Dear Members of the BBS Community,
It is my goal to send out quarterly updates from the Clinical Registry Investigating BBS (CRIBBS) and the Marshfield Clinic Research Institute (MCRI). This update is particularly exciting. As many of you are aware the MCRI has teamed up with Rhythm Pharmaceuticals to examine the effect of a small peptide (protein) that is given by a daily shot much like an insulin shot. The medication is thought to work "downstream" of the defect in BBS and signals the brain to stop eating. The medication may also increase energy expenditure (the speed the body burns energy). The peptide is called Setmelanotide and it belongs to a family of proteins called melantocortin-4 receptor agonists. A detailed report of the therapy and its effectiveness in a different rare genetic disorder is provided in an article published last year in the New England Journal of Medicine (http://www.nejm.org/doi/full/10.1056/NEJMoa1512693). Setmelanotide is not commercially available so your doctor cannot prescribe it yet.
Early results of setmelanotide treatment in five individuals with BBS were reported at a conference on obesity in Washington D.C. on Thursday, November 2nd. I am attaching the poster. Setmelanotide was given to individuals selected through CRIBBS. Individuals range in age between 12 and 61 year old and have BBS1, BBS2, BBS10 or BBS12 genotypes. Setmelanotide has a favorable effect on individuals in each of these genotypes (see the diagrams below). The orange line shows the weight loss in each person, the green and blue lines show the impact of setmelanotide on hunger based on a scale that ranges between 1 and 10 with 10 being the highest level of hunger. The green line is the most severe hunger of the day and the blue line is the average hunger of the day. Each of the individuals has continued to lose weight since these diagrams were created. I am optimistic that the trend will continue.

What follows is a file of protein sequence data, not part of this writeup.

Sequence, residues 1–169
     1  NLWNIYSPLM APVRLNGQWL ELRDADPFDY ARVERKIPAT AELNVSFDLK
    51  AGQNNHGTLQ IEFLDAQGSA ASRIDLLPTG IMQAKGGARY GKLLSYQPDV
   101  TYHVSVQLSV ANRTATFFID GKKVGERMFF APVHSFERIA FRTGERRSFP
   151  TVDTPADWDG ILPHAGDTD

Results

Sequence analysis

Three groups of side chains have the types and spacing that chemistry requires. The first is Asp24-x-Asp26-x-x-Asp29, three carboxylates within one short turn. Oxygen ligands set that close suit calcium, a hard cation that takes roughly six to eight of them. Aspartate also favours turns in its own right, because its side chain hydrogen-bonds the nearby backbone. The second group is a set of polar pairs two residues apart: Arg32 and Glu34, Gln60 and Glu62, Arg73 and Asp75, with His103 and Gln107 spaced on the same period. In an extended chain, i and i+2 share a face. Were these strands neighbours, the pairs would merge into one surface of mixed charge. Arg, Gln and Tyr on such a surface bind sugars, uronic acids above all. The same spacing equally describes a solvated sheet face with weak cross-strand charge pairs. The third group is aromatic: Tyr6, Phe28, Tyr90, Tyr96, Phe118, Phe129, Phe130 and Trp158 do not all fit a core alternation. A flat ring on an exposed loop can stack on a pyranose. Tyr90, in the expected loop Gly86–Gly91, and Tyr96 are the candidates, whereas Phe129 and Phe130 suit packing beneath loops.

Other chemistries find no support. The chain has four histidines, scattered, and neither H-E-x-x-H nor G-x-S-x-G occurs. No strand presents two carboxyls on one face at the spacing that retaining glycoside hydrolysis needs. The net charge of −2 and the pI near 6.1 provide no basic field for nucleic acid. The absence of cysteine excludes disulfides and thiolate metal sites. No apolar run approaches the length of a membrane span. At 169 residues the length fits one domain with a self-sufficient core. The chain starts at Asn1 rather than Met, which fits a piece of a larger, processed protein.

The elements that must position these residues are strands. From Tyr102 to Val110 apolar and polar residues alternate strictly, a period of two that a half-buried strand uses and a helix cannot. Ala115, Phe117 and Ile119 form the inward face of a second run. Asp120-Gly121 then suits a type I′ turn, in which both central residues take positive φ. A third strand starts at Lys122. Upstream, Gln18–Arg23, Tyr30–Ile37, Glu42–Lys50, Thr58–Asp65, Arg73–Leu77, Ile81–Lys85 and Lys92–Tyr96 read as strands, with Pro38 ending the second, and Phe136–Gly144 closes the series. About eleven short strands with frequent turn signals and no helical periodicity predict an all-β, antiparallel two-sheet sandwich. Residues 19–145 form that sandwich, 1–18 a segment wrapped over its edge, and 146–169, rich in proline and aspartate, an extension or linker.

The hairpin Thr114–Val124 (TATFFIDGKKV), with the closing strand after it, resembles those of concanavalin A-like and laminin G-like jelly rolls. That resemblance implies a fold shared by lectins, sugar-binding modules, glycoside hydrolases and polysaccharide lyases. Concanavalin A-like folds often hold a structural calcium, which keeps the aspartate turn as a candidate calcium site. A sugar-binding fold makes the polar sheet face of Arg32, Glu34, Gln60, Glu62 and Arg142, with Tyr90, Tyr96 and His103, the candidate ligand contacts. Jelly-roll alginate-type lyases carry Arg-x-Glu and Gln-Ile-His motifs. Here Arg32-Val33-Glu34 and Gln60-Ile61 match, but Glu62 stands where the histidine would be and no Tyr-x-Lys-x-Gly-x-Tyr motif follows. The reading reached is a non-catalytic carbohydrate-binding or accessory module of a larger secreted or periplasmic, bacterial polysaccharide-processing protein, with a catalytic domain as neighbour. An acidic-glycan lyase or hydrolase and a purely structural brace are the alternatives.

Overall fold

One individual (shown in the black & white diagram) did not lose weight but the weight gain plateaued on the medication. I suspect that some individuals will benefit by a combination of therapies such as setmelanotide combined with another medication or counseling (known as behavioral therapies) and/or bariatric surgery. We still have much to learn about effective obesity therapy.
I’m pleased setmelanotide not only suppresses appetite and induces weight loss but it has important effects on metabolic and cardiovascular health markers. Lower cholesterol & triglyceride levels, improvement of liver function tests, improvement in blood sugar levels and improvement in blood pressure has been observed.
The most common adverse effects and of the medication is darkening of the skin and local irritation/itching/pigment changes where the shot is given. Otherwise thorough monitoring has not identified any serious complications.
Obviously much more work needs to be done to determine if the medication will remain effective for the long term. Safety is paramount and we must prove that setmelanotide is safe for children and adults. Further clinical trials are anticipated to take place at centers in the United States and as well as other centers across the world in 2018.
This research is made possible because of your support of CRIBBS. Please consider donating to the work we are conducting. Even small donations make a difference. You can donate at our website: www.bbs-registry.org. If you are not a member of CRIBBS please consider registering at our website or by calling 877-584-3499 (US residents). If you are interested in learning more about the Treatment Center for BBS at Marshfield Clinic please contact Sonia Suda, our BBS Coordinator, at firstname.lastname@example.org or call 715-389-3235.
Thank you for your support and encouragement.
Dr. Bob Haws
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